Sunday, July 19, 2009

Red Clover or... Facts Are Stubborn Things

Here's a bit of Red Clover, Trifolium pratense.

From Forage Plants and Their Culture:

"Red clover was not known as a crop by the ancient Greeks and Romans. It was apparently first cultivated in Media and south of the Caspian Sea, in the same general region where alfalfa was first domesticated. In Europe its use as an agricultural plant is comparatively modern, the first mention of its use as feed for cows being by Albertus Magnus in the thirteenth century. There are definite. records of its cultivation in Italy in 1550, in Flanders in 1566, in France in 1583. From Flanders it was introduced into England in 1645, and shortly afterwards its culture was described in several books. Its use in Europe became extensive about the end of the eighteenth century.

It was probably introduced into the United States by the early English colonists, but the first published mention of its culture was by Jared Eliot, who wrote of its being grown in Massachusetts in 1747."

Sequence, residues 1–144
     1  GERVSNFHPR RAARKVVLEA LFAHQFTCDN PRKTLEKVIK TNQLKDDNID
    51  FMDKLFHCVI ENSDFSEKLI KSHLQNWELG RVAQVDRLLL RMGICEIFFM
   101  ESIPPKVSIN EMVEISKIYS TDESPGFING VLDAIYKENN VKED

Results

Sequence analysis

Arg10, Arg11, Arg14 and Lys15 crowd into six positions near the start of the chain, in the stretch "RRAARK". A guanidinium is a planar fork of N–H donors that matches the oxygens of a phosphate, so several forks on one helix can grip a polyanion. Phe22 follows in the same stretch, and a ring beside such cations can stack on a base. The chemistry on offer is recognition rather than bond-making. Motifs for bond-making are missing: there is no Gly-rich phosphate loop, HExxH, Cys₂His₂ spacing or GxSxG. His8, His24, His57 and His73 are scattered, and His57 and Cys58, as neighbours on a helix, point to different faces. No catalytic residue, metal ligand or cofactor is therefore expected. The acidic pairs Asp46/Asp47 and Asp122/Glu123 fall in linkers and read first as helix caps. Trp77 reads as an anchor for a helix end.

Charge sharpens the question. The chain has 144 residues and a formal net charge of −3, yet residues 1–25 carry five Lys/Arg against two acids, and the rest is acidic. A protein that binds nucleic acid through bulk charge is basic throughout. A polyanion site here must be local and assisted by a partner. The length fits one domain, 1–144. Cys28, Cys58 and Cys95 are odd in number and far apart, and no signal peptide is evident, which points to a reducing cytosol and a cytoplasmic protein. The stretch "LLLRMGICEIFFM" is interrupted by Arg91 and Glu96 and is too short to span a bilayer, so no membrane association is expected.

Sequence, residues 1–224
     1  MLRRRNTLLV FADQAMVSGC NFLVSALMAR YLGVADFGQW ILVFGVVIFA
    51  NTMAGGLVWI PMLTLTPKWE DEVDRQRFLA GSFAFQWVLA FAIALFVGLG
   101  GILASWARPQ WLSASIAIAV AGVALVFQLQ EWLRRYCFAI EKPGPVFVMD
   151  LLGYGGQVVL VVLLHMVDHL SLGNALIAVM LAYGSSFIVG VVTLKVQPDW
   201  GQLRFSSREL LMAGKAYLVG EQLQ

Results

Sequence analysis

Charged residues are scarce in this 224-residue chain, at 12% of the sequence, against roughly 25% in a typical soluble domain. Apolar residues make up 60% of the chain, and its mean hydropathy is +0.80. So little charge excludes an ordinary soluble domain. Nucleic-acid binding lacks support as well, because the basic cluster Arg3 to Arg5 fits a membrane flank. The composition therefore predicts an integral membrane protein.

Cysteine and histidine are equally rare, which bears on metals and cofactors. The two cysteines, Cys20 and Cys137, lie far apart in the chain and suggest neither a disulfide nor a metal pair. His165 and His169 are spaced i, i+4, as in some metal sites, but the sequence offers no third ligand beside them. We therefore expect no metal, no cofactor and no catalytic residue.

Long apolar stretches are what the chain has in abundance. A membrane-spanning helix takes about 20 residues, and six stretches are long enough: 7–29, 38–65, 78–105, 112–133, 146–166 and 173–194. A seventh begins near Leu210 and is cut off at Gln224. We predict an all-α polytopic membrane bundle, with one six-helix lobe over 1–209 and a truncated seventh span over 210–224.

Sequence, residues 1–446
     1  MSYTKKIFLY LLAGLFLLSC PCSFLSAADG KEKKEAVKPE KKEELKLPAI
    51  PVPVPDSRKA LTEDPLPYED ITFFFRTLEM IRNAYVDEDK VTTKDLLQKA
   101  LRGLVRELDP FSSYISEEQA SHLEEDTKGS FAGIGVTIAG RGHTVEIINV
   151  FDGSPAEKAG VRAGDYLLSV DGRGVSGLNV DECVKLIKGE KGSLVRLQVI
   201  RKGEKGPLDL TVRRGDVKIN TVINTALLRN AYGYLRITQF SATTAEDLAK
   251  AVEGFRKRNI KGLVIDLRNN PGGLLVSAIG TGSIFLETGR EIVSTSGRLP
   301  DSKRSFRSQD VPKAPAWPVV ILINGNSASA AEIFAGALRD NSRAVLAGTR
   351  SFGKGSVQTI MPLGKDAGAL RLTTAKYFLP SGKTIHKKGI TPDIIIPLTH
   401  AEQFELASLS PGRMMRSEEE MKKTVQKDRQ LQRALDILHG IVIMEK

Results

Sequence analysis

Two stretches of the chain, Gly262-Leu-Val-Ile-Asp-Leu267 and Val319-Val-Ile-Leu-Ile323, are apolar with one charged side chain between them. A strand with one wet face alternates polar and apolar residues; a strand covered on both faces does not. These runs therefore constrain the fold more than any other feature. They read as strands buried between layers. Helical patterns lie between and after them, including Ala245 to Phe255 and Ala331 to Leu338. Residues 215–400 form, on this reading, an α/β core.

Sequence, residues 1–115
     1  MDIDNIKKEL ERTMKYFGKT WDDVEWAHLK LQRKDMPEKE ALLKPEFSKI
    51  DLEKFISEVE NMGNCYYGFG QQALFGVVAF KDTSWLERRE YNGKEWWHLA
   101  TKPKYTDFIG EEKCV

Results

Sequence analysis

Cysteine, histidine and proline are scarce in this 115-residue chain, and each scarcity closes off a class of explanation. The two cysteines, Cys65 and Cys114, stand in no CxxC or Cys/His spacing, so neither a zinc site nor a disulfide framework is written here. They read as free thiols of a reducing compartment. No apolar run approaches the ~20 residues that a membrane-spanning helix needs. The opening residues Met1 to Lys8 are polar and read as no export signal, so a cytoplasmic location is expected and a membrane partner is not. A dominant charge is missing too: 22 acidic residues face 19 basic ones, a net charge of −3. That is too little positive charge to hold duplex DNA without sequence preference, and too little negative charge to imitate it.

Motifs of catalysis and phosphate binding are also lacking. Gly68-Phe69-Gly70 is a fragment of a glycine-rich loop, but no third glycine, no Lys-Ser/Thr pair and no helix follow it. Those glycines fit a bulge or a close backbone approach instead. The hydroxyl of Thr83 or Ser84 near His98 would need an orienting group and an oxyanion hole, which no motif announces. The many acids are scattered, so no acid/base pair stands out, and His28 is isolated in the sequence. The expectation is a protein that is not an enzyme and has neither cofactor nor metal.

From The Farmer's Manual:

"Some farmers complain that red clover, when sown for mowing upon their orchard grounds, causes the trees to wither and decay. This may be remedied by sowing plaster of Paris upon your clover; your orchards will flourish as well as upon English mowing; one bushel to the acre in the spring, or fall, annually, will answer. It is of no consequence to inquire, why a crop so fertilizing as clover, should injure the orchard, nor why the plaster should prevent it; facts are stubborn things, and are generally, all that are of importance in good farming."

Piper, Charles Vancouver. Forage Plants and Their Culture. New York, 1916. 361-2. Web. Google Book Search. 18 Jul 2009.

Butler, Frederick. The Farmer's Manual. Hartfort, CN, 1819. 7. Web. Google Book Search. 18 Jul 2009.

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